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Affordances and Organization

  • Hugo Letiche
  • Michael Lissack
  • Ron Schultz
Chapter
  • 102 Downloads

Abstract

When self and context meet the opportunities that are presented to that self and which is that self recognizes are what we call affordances. J. J. Gibson (1977, 1979) first used the term “affordance” to refer to actionable properties between world and actor (a person or animal). To Gibson, affordances are relationships. They exist naturally; they do not have to be visible, known, or desirable. As his student Norman (1988) would later phrase it: “Affordances reflect the possible relationships among actors and objects; they are properties of the world.” Affordances are, thus, what objects or things offer people to do with them. “Affordances provided by the environment are what it offers, what it provides, what it furnishes and what it invites” (Gibson, 1979). “An affordance is a relationship between an object in the world and the intentions, perceptions, and capabilities of a person” (Weiser and Brown, 1995, 1996).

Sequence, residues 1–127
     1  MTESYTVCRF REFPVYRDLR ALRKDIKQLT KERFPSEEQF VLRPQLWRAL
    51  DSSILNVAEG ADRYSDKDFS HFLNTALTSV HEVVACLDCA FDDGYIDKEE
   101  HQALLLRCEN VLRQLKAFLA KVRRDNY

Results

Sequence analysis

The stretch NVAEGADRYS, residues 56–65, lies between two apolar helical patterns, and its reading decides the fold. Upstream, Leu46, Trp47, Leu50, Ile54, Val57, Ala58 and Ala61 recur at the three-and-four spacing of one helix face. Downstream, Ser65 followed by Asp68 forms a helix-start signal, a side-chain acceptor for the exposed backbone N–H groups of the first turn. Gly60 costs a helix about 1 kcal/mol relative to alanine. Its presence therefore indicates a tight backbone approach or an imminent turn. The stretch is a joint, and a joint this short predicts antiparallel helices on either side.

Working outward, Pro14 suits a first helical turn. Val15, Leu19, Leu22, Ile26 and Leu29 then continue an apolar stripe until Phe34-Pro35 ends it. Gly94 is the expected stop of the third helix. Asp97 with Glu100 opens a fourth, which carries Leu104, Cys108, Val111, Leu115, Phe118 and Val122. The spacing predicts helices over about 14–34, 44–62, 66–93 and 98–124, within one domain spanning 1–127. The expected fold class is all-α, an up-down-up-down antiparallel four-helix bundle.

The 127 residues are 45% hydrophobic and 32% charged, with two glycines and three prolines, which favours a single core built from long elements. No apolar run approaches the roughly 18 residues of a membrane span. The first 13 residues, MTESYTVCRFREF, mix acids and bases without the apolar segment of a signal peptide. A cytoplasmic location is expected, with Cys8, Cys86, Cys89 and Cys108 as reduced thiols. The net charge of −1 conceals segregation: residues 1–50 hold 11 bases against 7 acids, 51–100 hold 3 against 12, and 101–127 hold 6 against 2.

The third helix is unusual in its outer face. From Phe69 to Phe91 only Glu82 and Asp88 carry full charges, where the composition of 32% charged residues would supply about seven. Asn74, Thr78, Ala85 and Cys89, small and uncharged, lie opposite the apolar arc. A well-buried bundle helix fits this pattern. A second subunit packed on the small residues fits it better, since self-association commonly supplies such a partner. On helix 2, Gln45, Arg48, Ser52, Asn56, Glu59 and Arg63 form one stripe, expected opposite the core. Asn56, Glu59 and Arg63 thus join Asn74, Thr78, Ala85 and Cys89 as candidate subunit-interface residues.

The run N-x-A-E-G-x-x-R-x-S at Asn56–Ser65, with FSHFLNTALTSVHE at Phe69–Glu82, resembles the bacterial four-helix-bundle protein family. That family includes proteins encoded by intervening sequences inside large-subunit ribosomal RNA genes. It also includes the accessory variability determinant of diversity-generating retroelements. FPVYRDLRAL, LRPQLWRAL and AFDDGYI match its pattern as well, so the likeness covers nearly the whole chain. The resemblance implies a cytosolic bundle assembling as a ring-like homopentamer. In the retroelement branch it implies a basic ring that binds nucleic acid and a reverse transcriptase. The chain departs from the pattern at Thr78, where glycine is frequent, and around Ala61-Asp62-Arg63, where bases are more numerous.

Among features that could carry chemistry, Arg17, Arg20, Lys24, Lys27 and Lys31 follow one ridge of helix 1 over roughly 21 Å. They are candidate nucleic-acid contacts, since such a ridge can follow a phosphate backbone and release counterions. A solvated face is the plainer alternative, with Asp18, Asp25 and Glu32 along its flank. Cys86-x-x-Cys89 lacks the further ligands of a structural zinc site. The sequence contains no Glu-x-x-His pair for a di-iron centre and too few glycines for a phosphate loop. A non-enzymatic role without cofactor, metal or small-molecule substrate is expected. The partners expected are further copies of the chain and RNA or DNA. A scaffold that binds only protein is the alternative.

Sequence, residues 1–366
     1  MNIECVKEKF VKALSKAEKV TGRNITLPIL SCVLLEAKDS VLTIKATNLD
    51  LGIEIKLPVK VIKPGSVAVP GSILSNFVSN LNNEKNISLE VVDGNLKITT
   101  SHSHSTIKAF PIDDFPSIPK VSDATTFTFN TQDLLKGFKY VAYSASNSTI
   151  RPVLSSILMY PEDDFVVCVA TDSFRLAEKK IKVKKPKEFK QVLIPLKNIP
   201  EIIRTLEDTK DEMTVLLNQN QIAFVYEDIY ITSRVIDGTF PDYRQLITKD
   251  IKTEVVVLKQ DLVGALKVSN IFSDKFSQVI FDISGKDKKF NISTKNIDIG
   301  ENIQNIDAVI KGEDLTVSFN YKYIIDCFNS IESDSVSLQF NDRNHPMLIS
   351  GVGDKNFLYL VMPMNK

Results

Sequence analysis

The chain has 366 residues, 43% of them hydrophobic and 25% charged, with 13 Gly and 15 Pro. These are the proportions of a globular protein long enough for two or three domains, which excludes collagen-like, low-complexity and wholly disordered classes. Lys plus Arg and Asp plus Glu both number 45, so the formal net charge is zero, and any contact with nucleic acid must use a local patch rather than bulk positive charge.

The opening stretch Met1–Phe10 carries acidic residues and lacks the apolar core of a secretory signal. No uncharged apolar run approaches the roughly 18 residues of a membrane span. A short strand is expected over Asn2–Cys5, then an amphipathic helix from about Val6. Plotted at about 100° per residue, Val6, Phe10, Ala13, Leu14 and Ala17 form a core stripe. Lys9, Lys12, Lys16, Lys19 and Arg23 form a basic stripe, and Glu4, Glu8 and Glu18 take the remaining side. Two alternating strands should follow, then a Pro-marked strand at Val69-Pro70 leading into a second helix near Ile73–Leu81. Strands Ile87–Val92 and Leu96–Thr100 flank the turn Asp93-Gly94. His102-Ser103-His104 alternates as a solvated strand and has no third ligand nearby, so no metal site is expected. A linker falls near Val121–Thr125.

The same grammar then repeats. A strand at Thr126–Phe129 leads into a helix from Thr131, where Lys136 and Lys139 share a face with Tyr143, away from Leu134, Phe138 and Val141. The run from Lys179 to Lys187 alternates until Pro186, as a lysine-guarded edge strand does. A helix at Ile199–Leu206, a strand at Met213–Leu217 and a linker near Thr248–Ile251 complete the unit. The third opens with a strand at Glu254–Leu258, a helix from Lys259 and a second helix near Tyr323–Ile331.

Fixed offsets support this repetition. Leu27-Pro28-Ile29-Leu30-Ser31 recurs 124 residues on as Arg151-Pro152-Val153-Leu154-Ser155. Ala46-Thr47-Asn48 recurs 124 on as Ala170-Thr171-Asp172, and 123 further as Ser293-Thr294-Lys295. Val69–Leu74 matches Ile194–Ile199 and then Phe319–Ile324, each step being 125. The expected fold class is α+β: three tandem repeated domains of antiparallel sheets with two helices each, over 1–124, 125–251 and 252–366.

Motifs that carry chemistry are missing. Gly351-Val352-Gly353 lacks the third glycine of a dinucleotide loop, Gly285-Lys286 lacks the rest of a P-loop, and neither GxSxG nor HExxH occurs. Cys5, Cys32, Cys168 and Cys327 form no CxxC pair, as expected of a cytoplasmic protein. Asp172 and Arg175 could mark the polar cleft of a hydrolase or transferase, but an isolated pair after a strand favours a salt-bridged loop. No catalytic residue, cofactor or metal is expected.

Keywords

Good Technology Lossless Compression Metaphorical Concept Ontic Status Iconic Representation 
These keywords were added by machine and not by the authors. This process is experimental and the keywords may be updated as the learning algorithm improves.

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Copyright information

© Hugo Letiche, Michael Lissack, and Ron Schultz 2011

Authors and Affiliations

  • Hugo Letiche
  • Michael Lissack
  • Ron Schultz

There are no affiliations available

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